Hopson, Monsour see smoother way 2nd year

Published 12:00 am Sunday, January 4, 2009

State Sen. Briggs Hopson and state Rep. Alex Monsour, both Republicans entering their second regular session, expect the 2009 session to be smoother than their first year in office.

“At first, you spend a lot of time figuring out rules and processes, learning who the key players are,” said Hopson, 32. “It should be a much smoother transition this year.”

Monsour, 46, called his initial session “a learning experience” in terms of building support for an agenda typical of a first-time representative.

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“You have to get some help on walking a bill through to get things done in a bipartisan way,” Monsour said.

Both men entered elective office in 2007 after winning contested primaries and a low-turnout general election. Of 26 bills authored between the two men, eight were signed into law. They included special funding requests by the City of Vicksburg for local charitable groups and resolutions honoring public servants and youth academic achievement.

On the flip side of experience, Rep. George Flaggs, D-Vicksburg, has represented most city voters in the state House since 1988. His memories of his initial term in office are ones of heady plans brought back to earth by the realities of consensus-building.

“I thought I could turn around the world,” said Flaggs, 55. “Once I got past the shock, I found out it’s a process.”

Flaggs has praise for both Warren County colleagues on their comportment in 2008, calling their topics of choice “careful and selective.”

“I commend them both for the way they came in,” Flaggs said, adding the pair enjoyed a transition made somewhat easier by technology.

“The process has changed since I came in,” Flaggs said. “Before, I’d get a fax or letters from constituents. Now, we have e-mail, cell phones, text messages, the Internet. It’s much more accessible to the public.”

One issue that generated a lot of text messages even as debate continued, Flaggs said, is one of two likely to be prominent as legislators craft a budget expected to be around $5 billion.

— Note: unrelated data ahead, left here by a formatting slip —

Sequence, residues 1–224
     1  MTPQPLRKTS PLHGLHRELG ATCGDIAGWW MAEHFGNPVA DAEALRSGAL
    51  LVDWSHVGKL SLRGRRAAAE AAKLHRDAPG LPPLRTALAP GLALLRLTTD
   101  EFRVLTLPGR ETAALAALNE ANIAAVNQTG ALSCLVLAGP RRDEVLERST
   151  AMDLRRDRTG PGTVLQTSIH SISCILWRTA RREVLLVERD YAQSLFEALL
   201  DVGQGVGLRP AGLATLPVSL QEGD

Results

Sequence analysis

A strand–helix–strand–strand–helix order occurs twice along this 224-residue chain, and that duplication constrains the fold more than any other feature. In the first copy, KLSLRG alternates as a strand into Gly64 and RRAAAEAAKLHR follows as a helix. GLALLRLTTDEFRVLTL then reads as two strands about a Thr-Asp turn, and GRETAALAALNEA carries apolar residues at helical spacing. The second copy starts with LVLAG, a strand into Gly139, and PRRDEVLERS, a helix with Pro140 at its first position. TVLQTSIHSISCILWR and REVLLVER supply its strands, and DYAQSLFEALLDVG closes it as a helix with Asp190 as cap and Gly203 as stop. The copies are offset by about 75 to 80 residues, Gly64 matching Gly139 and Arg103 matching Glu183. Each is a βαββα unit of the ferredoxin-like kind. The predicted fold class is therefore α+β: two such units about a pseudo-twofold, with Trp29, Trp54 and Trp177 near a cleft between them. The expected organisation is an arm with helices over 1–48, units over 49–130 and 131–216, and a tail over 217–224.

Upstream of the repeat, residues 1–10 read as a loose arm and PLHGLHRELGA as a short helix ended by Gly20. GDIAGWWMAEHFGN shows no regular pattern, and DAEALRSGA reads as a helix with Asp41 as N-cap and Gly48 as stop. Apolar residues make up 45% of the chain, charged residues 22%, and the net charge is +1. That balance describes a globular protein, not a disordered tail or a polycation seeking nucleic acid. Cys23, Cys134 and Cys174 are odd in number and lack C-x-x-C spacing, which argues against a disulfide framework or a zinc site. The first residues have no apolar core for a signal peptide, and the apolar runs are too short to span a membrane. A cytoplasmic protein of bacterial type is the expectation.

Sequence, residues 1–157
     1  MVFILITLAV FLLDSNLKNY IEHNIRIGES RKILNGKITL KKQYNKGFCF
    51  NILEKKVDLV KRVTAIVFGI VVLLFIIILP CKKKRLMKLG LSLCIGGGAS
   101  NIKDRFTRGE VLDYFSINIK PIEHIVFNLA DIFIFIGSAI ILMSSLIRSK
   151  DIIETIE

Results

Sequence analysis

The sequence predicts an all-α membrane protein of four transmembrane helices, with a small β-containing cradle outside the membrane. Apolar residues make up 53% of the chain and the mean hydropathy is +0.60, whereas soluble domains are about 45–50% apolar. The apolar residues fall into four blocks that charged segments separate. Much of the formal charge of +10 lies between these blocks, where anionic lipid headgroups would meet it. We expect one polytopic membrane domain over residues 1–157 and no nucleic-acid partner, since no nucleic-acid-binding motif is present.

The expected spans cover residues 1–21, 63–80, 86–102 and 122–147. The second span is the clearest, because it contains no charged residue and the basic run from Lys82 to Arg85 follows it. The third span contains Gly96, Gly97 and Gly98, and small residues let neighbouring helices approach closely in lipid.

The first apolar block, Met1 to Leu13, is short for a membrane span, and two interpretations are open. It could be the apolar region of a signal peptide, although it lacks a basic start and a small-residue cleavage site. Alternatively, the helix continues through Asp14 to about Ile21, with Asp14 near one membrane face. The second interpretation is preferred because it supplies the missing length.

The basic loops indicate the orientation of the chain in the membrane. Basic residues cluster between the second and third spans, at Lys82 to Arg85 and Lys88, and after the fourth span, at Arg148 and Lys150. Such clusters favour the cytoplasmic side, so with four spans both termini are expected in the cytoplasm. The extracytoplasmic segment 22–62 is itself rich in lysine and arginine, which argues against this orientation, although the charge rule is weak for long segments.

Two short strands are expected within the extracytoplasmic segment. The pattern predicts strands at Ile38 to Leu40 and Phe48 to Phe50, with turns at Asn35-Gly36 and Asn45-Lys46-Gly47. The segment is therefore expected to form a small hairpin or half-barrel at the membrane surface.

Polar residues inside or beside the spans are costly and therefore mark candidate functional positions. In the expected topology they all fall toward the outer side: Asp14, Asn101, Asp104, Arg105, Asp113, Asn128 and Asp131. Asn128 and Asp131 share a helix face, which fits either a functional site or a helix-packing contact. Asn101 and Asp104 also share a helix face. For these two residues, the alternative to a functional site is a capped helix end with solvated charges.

Flaggs favors raising the excise tax on cigarettes sold in Mississippi from 18 cents per pack — among the lowest in the nation — to $1. The 82 cent increase would be used to fund the state’s Division of Medicaid and offset tuition at state universities, Flaggs said.

Bills filed the past three years dealing with cigarette tax increases have not come to a committee vote, including one filed by Flaggs last year aimed at Medicaid funding.

Gov. Haley Barbour now favors a cigarette tax hike, after opposing one since taking office, but only to 42 cents per pack for premium brands and 61 cents on lower-priced labels. Revenue from any tax increase on cigarettes should go into the general fund, the Republican governor has said.

Other bills filed by the local delegation will revisit topics from a year ago that failed in committee.

Hopson, an attorney, said he will file bills to raise the salaries of judges and district attorneys in Mississippi. It could be one of several similarly worded bills, as the issue is central to the Mississippi Bar’s lobbying efforts this year.

Currently, circuit and chancery judges are paid $104,170 per year, while district attorneys are paid $95,796.

Mississippi “is woefully behind other states in pay,” Hopson said.

The sophomore senator also will support the Mississippi Health Insurance Exchange Act, which died in committee last year. The bill is favored by the Mississippi Hospital Association and would set up a panel to overhaul employer-provided insurance.

“It ought to be good for providers and recipients and reduce health-care costs,” Hopson said.

Additional re-files by Hopson will deal with requiring a probable cause hearing when a criminal arrest warrant is issued and stiffer penalties for voyeurism, intended to curb taking pictures of people in situations of expected privacy.

Prominent on Monsour’s to-sign list is a bill in the works by the Tourism Committee to provide tax incentives to casino operators to develop non-gaming attractions as a way to augment tourist traffic. Though not on the committee, Monsour said he plans to sign on to similar legislation planned this year by the panel’s chairman, Rep. Diane Peranich, D-Pass Christian.

“We’ve got the boats (in Vicksburg), but we’ve got to get people to bring the rest of the family here,” Monsour said.

A bill to strengthen penalties for drug offenses involving crystal methamphetamine is likely, Monsour said, as is support for a voter ID law. Also, Monsour said he would re-file a bill to require insurers to notify the Department of Public Safety when motor vehicle liability insurance lapses and suspend a driver’s license and registration if proof of insurance is not provided to the state in 30 days.

Committee chairmanships are expected to remain the same for the upcoming session. For Flaggs, it means he will chair the House Banking and Financial Services Committee, as well as hold spots on the Appropriations, Executive Contingent Fund, Fees and Salaries of Public Officers, Gaming, Investigate State Offices, Legislative Budget, Medicaid, Public Health and Human Services committees.

Monsour sits on the House Juvenile Justice, Judiciary B, Ports, Harbors and Airports and Transportation committees.

In the state Senate, Hopson vice-chairs the Judiciary A Committee and sits on the Judiciary B panel. Also, Hopson is on the Appropriations, Environmental Protection, Conservation and Water, Ports and Marine Resources, Public Health and Welfare, Tourism and Universities and Colleges committees.


Contact Danny Barrett Jr. at dbarrett@vicksburgpost.com.